“The concerns expressed include safety issues — having to walk up and down Woodward is too dangerous. It would be so convenient not having to drive, accessibility from other community residents wanting to come to Bloomfield Hills who don’t drive,” said Van Fossen in the email.

Commissioner Hardy can be counted among those with concerns about walking along Woodward. An advocate for safety paths along M-1 in the past, she voted in favor of the SMART ballot initiative, too.

“I think if there were a millage vote, a vote of the people, then we would know for sure whether this is something the residents think is worth paying for or not,” Hardy said at the meeting. “Twenty years ago, Bloomfield Hills was a different place. Right now, you have a lot more commercial (properties). You have a continuing care center; people are going to want to come visit people there. I think demand is going to be greater.”

Hardy and Dul — the two supporting votes — both named seniors and millennials as growing populations that might be interested in public transportation. They also, despite some dissent from the crowd, argued that Bloomfield Hills might not be as privileged as perceived.

“I think it’s all about need,” said Dul at the meeting. “What does our community really need? I can’t give you an answer. Will there be more and more elderly in a couple years that really, truly need to have transportation? Not everybody’s wealthy and has their Mercedes and their butlers to drive them to the airport. Our community isn’t all that wealthy across the board.”

That was the sentiment that resident Paul Von Oeyen shared when he took his turn at the podium.

“I think we’re all privileged to be living in the city of Bloomfield Hills. When we talk about the cost and we say 1 mill is such an excessive cost, I find it interesting that somehow all the other (municipalities) along the Woodward corridor seem to be able to vote for it and afford it, and many are not as privileged as those of us living in Bloomfield Hills,” he said. “Sometimes we need to not think just about ourselves. And sometimes we might all get old or get disabled or something. We need to think about those people, too.”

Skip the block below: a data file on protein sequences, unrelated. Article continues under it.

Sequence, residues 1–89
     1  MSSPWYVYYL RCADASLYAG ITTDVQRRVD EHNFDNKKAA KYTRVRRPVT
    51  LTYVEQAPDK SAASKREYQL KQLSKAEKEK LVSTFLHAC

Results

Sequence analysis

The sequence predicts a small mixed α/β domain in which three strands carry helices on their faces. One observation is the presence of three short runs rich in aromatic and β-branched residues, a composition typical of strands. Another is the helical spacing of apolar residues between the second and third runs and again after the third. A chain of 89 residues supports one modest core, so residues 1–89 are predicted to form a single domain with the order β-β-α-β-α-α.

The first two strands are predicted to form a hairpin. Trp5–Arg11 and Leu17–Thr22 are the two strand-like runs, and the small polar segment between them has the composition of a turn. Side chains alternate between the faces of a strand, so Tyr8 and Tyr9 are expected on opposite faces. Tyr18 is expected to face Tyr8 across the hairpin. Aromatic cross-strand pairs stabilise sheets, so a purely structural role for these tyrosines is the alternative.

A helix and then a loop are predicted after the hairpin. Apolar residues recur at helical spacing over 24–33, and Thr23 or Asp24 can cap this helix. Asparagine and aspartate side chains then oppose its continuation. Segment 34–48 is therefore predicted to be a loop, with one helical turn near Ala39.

Resident Don Stuef, quickly and to the point, disagreed.

“This is all humbug,” he said. “We have problems on our roads. I think this is a waste of time and waste of money. We’re a different community. We’re more automotive.”

With the crowd and the commission clearly divided, it was Commissioner Mike Coakley who split the vote that night. He explained that he was unconvinced that SMART and other transportation organizations, like the Regional Transportation Authority, would be able to work together at any point, as they have all proposed, to make a more unified and efficient system.

“We have a very fractured transportation system,” Coakley said. “I went to a meeting for RTA. Now I’ve listened to you. So far, I haven’t heard you come up with a solution for that. It seems to me that everyone in the system (is) trying to protect their own turf.”

McClure said that would be the ideal hope for a transit system for the city in the future.

“We would like RTA and SMART and the Detroit system to do more to make the current system work and solve problems between them. That’s what makes sense,” she said. “Residents have articulated to me they’d like to see existing systems become more efficient.”

While not much information has been made available about the RTA’s plans for transit in Bloomfield Hills, a rapid transit system along Woodward has been rumored. It’s also been discussed that the authority might go out for countywide millage proposals in November 2016.

The RTA did not respond to multiple requests for comment.